Jul 21, 2011, 05:32AM

Midwest Scene Report

Our intrepid reporter gives you the haps on the craps in the middle of America.

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We’ve had some good weekends and weekdays out here in the Midwest what with all the weather, trees, and things going right. Someone started saying that Wednesdays are the new Fridays and Saturdays and who am I to dispute that? But let’s talk just for a moment about, well, not the “scene” per se but another thing. After participating in one of those mass anonymous wild ride bicycle gang extravaganzas for the first time, I feel great. I feel like three crisp $100 bills.

Then I spoke with my friend Sam who said: The majority of bike culture enthusiasts are generally those people who have a voice in the social sphere, right? So these mass bike rides are just a reassertion of that power, of that stance. A bunch of white males breaking street laws and screaming at people and being as visible as they possibly can and gettin’ a huge adrenaline rush. I mean, it’s totally sexual. Is that not true? It’s just white kids looking for reaffirmation from white kids that they’re the shit.

I thought about it for three minutes before realizing it’s just a bike ride. I’m happy to say no one was yelled at and that Sam is just plain wrong. We went on a bike ride and that was that. Then he said: I noticed that there’s a bunch of black longboarders in town. I mean, what’s that all about?

I couldn’t tell him. But that’s beside the point. I can’t wait to tell you about some of the real happenings here.

One show I found particularly remarkable was Brilliant Colors, Swimsuit, The Beets and Bad Indians at a venue called Arbor Vitae. You never know who you’re going to run into at Arbor Vitae.

For example, I ran into Stella. Tina is a bitch with crabs, she said. I wouldn’t piss out the flames if someone poured gas on her mouth, she said. Shut your trap, I said. She looked at me. I said: Don’t give me that rigmarole. Oh man. The look she gave me. It just got heavy in there.

Brilliant Colors. What a lot of fun. I remember hearing their last LP & thinking, I don’t know—is this touching me in a good way somewhere? Then I made a number of faces while contemplating the whole whopper. Or maybe I made faces because I was working hard on something. Brilliant Colors were fantastic. The drums were rude, the bass was mean, and the guitar tone was inscrutable. You could tell something was up. You could tell ‘cuz the vibes were so peculiar and there was a weird whiff in the air. It turns out that Jess Scott of Brilliant Colors accidentally left her pedals in a hotel room in North Carolina. I asked Jess what happened and she said:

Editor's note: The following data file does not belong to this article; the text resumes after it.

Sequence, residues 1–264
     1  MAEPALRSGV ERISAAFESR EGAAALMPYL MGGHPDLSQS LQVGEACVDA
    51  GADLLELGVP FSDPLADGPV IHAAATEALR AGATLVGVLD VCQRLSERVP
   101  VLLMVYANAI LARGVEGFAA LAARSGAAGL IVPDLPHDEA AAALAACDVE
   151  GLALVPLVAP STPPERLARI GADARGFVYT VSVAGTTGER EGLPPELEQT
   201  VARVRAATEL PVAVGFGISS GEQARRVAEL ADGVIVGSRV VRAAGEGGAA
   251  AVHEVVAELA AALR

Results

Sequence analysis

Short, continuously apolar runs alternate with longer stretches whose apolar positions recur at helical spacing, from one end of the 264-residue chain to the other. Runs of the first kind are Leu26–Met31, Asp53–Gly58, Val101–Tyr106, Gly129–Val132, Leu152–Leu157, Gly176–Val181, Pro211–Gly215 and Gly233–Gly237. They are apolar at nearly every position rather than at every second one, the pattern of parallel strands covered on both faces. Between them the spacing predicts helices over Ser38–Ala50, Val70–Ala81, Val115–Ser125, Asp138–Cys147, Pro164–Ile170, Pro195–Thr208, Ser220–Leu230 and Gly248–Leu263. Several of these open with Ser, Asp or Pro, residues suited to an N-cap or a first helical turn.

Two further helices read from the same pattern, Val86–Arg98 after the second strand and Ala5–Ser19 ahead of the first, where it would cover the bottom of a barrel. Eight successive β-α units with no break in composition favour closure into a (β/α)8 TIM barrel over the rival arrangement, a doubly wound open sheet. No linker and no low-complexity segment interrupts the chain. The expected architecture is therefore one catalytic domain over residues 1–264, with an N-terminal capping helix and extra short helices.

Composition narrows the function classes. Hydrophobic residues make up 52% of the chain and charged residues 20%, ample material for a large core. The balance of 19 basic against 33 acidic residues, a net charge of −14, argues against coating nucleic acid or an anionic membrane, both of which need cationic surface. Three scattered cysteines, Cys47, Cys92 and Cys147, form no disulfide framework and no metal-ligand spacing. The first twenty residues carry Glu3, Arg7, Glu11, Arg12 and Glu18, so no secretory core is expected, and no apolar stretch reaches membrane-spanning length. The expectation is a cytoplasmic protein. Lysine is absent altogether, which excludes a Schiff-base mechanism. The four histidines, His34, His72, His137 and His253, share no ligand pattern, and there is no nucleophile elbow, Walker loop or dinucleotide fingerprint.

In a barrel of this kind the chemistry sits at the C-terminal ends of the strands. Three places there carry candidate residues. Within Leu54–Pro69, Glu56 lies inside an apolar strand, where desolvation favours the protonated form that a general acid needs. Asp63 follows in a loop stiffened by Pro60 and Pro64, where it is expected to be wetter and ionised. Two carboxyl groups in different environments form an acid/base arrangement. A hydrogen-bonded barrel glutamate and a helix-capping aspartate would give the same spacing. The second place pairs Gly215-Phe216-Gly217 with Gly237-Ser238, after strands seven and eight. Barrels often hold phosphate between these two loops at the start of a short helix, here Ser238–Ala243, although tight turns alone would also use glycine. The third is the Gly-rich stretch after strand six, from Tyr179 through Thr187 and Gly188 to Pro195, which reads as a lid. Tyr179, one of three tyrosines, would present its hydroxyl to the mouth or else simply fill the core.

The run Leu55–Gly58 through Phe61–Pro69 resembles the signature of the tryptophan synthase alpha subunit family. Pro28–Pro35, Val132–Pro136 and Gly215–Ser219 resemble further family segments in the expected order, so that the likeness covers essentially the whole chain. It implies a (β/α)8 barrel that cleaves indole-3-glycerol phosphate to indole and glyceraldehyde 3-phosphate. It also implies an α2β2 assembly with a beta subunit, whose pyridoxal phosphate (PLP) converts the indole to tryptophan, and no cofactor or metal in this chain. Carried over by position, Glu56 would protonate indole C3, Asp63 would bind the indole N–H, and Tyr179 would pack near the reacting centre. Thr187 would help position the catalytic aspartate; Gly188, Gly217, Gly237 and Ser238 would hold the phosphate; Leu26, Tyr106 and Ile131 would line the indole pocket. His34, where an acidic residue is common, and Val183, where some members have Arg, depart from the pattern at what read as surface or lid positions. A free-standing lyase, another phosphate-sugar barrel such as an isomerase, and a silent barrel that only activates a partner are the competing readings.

“Brilliant Colors broke down just before the Tennessee border in North Carolina near a town called Waynesville. After MUCH drama we bunked up for the night while our car was being fixed in the motel every local warned us to not stay in but we were feeling very cheap so we did anyway. Within five minutes we found what we thought was possibly a bedbug on our friend and proceeded to FREAK THE FUCK OUT despite alternative opinions that it might be a tick. We have friends in New York, we've heard the horror stories; we could NOT be that band that took bedbugs on tour with them around the country like our tiny evil roadies in tow. So, I refused to go back in the room and had Diane shuffle my crap out to me.

Long story short, we arrived in Ann Arbor the next day (after blowing a tire in Kentucky, no less) only to realize I'd left my reverb & tuner pedals and 12-volt adaptors in the suspect room. Totaling more cost than my guitar probably. I desperately called the motel and offered him the luxurious riches of $25 dollars should he mail the pedals back to my house in San Francisco. First he said he threw them out because they might have bedbugs in them, then he backtracked and said he had them, and then he sternly asked if I'd told the neighboring motel about the bedbug scare. In truth it was probably a tick so we didn't tell the new motel of course, and I used the term ‘sir’ for the first time in my life. Then I mailed the check. A couple weeks later I received my pedals. A miracle and all is forgiven and forgotten, Waynesville, NC! A couple weeks later I got some mysterious bites and FREAKED THE FUCK OUT again and had a fumigator set bedbug traps in my room with which I found no bedbugs and the bites have now subsided, despite being really weird bites with really weird timing.”